Company: A company is a person having a separate legal entity distinct from the members who constitute it. A company is incorporated as per the provisions laid out in the Companies Act 2013.

The applicable taxes are charged to companies, domestic as well as foreign, as per the provisions of Income Tax. Taxable income is calculated taking various provisions related to recognition of revenue and allowability of expenses into consideration. Expenses are allowed to be deducted from gross revenue based on various provisions of Income Tax which has a very basic requirement that expenses that are deducted must have been incurred for generating the revenue being considered.

Any salary, commission, bonus, allowances paid to directors as per the provisions of Companies Act 2013 are taxable in the hands of members or directors in the capacity as individuals. Dividend, after the scrapping of Dividend Distribution Tax by Finance Act 2020, unlike share of profit of partners, is now taxable in the hands of individual investors or dividend receivers.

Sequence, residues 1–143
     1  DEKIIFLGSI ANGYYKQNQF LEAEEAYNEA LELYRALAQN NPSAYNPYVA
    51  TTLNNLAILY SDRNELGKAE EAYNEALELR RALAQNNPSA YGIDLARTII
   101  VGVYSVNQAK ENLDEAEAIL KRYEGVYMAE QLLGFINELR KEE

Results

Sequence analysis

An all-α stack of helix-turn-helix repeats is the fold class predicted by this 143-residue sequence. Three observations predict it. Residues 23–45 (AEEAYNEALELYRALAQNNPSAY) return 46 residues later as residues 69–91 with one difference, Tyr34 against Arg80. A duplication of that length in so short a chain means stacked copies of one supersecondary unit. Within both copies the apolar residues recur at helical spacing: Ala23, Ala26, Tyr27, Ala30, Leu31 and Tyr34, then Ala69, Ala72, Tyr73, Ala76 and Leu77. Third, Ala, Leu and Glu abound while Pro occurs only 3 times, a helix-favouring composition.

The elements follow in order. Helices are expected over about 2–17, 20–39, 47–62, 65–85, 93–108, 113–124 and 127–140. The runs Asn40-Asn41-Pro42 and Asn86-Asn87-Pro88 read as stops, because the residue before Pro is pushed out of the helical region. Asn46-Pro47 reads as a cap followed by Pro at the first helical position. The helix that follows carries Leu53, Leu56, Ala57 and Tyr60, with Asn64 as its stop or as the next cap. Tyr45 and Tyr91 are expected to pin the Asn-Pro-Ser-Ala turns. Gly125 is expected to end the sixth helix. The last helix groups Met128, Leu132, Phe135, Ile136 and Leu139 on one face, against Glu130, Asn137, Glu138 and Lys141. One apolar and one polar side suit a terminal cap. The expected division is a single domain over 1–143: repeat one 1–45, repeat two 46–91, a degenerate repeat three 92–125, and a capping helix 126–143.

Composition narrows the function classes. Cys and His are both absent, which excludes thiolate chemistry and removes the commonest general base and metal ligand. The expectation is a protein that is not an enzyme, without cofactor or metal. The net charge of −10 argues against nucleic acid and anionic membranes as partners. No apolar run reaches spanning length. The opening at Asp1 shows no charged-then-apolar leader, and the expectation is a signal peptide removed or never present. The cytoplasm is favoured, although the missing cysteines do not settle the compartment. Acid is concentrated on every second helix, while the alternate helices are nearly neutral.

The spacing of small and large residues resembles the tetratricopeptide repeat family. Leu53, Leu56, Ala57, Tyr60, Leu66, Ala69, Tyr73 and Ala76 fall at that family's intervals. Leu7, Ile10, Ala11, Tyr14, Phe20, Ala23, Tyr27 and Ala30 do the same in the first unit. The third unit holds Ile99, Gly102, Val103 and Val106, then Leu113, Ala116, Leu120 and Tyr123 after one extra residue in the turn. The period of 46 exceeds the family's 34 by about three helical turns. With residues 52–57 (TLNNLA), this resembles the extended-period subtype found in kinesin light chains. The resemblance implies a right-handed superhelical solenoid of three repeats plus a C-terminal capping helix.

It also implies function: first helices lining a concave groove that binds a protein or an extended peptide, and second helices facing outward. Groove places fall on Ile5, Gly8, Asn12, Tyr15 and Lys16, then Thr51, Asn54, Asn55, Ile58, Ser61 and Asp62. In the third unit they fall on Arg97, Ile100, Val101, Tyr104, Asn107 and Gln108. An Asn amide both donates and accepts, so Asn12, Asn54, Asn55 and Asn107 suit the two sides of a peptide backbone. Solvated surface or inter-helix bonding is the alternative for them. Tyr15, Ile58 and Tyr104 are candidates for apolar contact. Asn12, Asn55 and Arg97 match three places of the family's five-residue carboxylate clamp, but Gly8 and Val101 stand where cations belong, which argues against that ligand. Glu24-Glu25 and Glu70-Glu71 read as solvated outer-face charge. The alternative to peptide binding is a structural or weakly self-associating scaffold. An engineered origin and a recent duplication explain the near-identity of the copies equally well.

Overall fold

Income tax is charged at the rate of 25% in the case of domestic companies having Rs. 400 crore or less in turn over and 30% in other cases. However, there are other provisions like 115 BAA with a lower rate of 22% and Minimum Alternate Tax at the rate of 15%. All the above-mentioned tax rates are basic rates and surcharge and cess will apply as applicable.

One Person Company: One Person Company is a relatively new concept that was introduced in the Companies Act, 2013 to help the solo entrepreneur so that he/she can create a formal company structure without needing a director/partner as is the case with a private company/ partnership. Like a Private Limited Company. An OPC is a separate legal entity distinct from the member who constitutes it.